The Geekly Report: The Truth About Sports Bullies

Jocks. Ugh. The mortal enemies of nerds since time immemorial. They pick on us and mock our love of sci-fi. They pull us from our fantasy worlds with noogies. They are bullies. And all those who associate with them—including the sports fan—must be evil too, right? But as I’ve slowly become a Seahawks fan, I’ve come to learn that the line between jock and nerd, and the supposed strife between the two, is more complicated than Revenge of the Nerds would have us believe.

During the Hawks’ march to the Super Bowl, comic-book nerds, sci-fi geeks, and gaming gurus have all come out of the woodwork declaring their love for football and the Hawks. The excitement is intense; as longtime fan Susie Rantz—a sci-fi/fantasy geek and my colleague at GeekGirlCon—notes, Seattle is tired of being underestimated and waiting our turn, and “We’re celebrating each win together, the 12th man and the team.”

Cole Lundell—video-game enthusiast, comic-book fan, and another GeekGirlCon colleague—points out that the city’s frenzy has united it and thawed the infamous “Seattle freeze”; you can talk to anyone on the street wearing Hawks gear and get a “genuine response,” which is “pretty awesome in a city where most people avoid talking to each other.” Dan Tharp, Hawks fan and customer-experience manager at Card Kingdom and Cafe Mox, remembers many customers asking that a game be turned on so they could watch while gaming (Cafe Mox no longer has TVs). Yup, these geeks are just as nerdy about football as the next fan.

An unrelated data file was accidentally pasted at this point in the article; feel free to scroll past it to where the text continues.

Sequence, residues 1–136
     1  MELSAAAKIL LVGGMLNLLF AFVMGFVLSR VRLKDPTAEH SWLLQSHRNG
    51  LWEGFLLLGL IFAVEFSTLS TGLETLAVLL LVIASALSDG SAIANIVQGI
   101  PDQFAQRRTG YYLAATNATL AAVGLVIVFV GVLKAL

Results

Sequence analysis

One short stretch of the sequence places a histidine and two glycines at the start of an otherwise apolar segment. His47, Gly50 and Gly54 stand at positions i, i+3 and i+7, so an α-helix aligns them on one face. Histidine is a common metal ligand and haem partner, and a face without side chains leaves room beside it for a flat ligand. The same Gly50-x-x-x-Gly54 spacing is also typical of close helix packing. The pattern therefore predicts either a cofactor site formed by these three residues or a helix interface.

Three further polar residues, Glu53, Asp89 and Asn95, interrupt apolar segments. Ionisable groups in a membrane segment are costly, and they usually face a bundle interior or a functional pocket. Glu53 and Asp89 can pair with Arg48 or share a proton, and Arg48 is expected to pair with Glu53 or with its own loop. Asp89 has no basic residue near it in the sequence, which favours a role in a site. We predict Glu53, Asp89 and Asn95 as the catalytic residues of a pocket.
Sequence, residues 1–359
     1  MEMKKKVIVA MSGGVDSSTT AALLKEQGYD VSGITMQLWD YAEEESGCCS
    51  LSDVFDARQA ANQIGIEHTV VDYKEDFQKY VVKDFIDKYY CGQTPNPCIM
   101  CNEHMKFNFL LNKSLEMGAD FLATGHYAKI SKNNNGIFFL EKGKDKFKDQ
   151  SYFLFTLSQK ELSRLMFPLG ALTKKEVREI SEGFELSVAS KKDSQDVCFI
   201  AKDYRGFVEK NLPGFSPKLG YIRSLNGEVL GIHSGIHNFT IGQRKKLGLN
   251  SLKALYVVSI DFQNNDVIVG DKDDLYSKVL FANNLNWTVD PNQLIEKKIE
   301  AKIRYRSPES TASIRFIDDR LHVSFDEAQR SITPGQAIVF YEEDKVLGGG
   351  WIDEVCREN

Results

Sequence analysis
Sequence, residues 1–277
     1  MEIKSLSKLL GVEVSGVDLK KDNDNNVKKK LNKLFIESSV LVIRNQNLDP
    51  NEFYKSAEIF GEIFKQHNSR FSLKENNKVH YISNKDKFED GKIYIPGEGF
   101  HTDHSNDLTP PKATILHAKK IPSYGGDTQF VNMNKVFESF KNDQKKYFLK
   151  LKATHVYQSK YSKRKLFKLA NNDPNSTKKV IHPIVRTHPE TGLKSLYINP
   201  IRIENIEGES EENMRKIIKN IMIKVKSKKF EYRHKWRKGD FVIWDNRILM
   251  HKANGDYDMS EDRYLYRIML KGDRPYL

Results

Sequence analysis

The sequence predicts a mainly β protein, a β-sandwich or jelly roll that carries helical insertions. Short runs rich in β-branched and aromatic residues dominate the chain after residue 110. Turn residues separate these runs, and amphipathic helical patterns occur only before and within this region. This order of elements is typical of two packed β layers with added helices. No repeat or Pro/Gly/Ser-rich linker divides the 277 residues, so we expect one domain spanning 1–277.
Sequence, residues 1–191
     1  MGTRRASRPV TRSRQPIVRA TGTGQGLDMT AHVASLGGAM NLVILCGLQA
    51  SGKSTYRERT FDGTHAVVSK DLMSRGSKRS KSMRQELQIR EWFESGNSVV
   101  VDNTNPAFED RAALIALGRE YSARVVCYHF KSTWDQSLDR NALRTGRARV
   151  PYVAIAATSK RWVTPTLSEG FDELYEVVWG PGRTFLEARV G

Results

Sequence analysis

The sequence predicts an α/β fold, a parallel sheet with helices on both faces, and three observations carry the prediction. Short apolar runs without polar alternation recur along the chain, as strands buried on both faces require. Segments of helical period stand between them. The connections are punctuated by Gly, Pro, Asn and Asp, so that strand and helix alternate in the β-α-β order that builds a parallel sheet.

Though as I talked to a few of these fans to learn more about their love of the game, I uncovered something else—the truth behind jocks, sports fans, and geeks. Turns out we are the bullies. Every single person I talked to said that at one point or another, a fellow geek had teased him or her for being into football. Curtis Chandler—Star Wars fan, comic-book collector, ex-football player, and host of the podcast Clinically Inane—recalls wearing an old football jersey to a con and getting accused of being a “fake geek.” Rantz and Lundell have similar stories: Geeks make fun of them for loving sports, while sports fans are either indifferent or share their nerdy interests.

But the two worlds mesh so well, especially in Seattle. Rantz points out that our city has some of “the most active fans on social media” as well as local “data geeks who break down” the stats, reflecting Seattle’s techie influence. The Seahawks even have their own edition of the Hulk, known as the Seahulk. And did you know that Sherman is not only the best cornerback in the league, but a huge Harry Potter nerd and video-game junkie? Yeah, just let that sink in.

And to top it off, Seahawks owner Paul Allen is the model of a nerdy hybrid—sure, he loves computers, technology, and a million other geeky things, but he’s also a huge sports fan (who also owns the Portland Trailblazers). And really, if it’s good enough for super-nerd Paul Allen, I’m thinking it’s good enough for the geeks.

geeklyreport@seattleweekly.com

 
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